Utah is one of the fastest-growing states in the nation and, particularly in Salt Lake County, the population is changing.

So, what does the future of Utah look like? How will the economy, people, landscape and even recreation change?

We can find some of those answers by exploring the Salt Lake Valley’s dynamic west side.

This area is the most racially diverse in our historically homogenous state. And it is growing fast. Many of the schools are majority minority, the businesses cater to people in many languages, and its homes and apartment buildings are filling fast. It’s also gaining political clout as the last undeveloped land in an area that’s quickly being filled by big businesses, highways and homes.

The west side is also, however, often overlooked by state power brokers.

So what are the lessons we can learn about the future of Utah from the west side? To seek answers to that question, The Salt Lake Tribune will start by listening.

This conversation began about nine months ago when The Tribune created the Why Utah? Facebook group — a digital space intended to spark a discussion about the state’s increasing population. We started by asking what brought new residents to the Beehive State and what kept the born-and-bred Utahns here. From there, we started asking members to offer their insight into what’s happening in their communities.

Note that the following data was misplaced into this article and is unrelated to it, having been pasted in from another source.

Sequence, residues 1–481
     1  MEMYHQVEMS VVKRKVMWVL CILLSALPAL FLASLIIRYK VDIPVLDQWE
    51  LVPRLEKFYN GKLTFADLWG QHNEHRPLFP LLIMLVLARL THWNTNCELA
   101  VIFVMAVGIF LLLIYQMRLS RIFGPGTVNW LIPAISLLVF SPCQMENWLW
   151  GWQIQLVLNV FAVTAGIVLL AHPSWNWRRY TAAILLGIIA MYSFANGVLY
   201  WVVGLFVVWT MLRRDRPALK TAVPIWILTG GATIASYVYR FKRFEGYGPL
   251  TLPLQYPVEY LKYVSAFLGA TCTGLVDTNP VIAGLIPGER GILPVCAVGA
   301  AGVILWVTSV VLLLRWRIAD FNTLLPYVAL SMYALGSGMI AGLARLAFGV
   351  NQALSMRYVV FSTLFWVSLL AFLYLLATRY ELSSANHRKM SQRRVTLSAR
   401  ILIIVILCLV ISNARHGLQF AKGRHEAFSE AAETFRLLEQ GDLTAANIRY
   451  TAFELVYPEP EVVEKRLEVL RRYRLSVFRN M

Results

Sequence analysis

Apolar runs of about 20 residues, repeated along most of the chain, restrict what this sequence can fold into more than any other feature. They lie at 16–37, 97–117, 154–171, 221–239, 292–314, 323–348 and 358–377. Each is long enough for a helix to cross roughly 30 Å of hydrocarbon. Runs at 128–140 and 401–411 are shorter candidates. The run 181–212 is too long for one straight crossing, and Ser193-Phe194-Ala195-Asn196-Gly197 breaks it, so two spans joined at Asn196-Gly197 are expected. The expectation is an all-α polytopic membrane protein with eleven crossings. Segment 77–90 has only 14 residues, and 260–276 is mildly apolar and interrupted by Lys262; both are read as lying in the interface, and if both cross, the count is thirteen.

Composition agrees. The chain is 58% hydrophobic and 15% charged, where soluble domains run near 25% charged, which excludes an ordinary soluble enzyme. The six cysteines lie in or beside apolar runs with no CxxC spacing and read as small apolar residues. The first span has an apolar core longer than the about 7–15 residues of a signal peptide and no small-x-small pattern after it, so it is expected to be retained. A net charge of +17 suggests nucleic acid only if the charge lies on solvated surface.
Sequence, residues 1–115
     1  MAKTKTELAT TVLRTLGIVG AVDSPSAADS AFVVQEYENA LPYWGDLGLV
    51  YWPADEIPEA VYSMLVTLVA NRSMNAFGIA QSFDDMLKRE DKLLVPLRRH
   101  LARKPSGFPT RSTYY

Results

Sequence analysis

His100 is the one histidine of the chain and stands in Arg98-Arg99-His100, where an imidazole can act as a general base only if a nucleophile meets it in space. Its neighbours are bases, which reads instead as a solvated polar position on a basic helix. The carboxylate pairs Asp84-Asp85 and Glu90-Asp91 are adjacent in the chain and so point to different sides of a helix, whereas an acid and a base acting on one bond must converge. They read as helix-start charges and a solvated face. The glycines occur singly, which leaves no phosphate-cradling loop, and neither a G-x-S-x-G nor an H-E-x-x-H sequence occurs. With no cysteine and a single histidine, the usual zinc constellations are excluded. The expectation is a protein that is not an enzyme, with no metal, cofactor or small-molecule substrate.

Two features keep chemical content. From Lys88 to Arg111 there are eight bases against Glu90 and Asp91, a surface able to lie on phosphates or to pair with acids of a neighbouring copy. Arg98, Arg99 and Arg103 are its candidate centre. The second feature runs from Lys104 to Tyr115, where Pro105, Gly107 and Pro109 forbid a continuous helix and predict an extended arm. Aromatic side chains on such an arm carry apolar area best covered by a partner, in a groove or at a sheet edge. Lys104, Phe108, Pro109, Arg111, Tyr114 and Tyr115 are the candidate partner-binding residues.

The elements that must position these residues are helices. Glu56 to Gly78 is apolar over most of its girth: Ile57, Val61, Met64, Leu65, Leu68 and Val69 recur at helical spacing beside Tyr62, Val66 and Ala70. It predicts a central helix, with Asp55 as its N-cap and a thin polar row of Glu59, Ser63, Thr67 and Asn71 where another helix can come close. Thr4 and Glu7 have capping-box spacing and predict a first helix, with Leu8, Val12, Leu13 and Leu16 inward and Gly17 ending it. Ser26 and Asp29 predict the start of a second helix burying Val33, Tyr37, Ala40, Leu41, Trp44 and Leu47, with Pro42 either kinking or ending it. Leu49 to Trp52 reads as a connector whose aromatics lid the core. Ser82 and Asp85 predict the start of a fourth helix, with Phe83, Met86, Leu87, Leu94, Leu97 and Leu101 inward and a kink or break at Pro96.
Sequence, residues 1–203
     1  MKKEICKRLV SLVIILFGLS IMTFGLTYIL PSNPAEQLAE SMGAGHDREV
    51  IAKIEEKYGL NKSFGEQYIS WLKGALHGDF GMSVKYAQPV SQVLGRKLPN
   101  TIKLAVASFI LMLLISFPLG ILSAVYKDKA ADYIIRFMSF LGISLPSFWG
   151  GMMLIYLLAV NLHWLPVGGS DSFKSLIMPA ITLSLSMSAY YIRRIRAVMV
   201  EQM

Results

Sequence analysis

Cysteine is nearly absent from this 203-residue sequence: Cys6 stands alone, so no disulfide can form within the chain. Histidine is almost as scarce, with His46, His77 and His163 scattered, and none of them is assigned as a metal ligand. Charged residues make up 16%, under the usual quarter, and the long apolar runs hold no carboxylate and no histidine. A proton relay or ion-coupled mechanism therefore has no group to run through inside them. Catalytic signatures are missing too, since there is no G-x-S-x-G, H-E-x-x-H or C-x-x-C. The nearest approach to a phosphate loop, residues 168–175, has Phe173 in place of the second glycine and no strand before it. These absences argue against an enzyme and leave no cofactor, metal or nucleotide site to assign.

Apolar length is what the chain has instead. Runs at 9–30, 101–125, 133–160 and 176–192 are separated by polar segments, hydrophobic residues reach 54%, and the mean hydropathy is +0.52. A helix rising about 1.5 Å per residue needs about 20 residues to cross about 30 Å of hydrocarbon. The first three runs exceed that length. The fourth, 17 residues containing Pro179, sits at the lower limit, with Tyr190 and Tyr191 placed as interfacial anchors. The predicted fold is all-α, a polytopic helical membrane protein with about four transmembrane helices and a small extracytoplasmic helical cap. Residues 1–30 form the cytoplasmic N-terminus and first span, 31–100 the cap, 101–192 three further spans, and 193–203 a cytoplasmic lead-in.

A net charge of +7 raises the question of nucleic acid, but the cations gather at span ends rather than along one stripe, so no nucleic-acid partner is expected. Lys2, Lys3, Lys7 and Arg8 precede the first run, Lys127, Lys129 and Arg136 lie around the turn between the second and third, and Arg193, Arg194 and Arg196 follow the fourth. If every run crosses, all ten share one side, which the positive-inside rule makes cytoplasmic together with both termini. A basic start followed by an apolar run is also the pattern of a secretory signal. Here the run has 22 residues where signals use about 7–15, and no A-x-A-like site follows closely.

Now, we’re bringing this conversation off social media and into the public sphere so we can increase dialogue, understanding and trust between our reporting staff and these communities.

The Tribune is looking for a diverse group of west-side residents to participate in a series of focus groups about what’s happening in the valley, what its future looks like and how we can better serve the whole community. These conversations will be held in West Valley City, Magna, Kearns, Salt Lake City and West Jordan. The first will be in West Valley City on Monday, Nov. 4.

If you’re interested in participating, please answer a few questions here.

There is a limited number of spaces, but those who fill out a survey will be updated about the project and have the chance to offer their own questions and input.

In the meantime, please feel free to reach out with any questions and concerns; send emails to sweber@sltrib.com or call at 801-257-8765.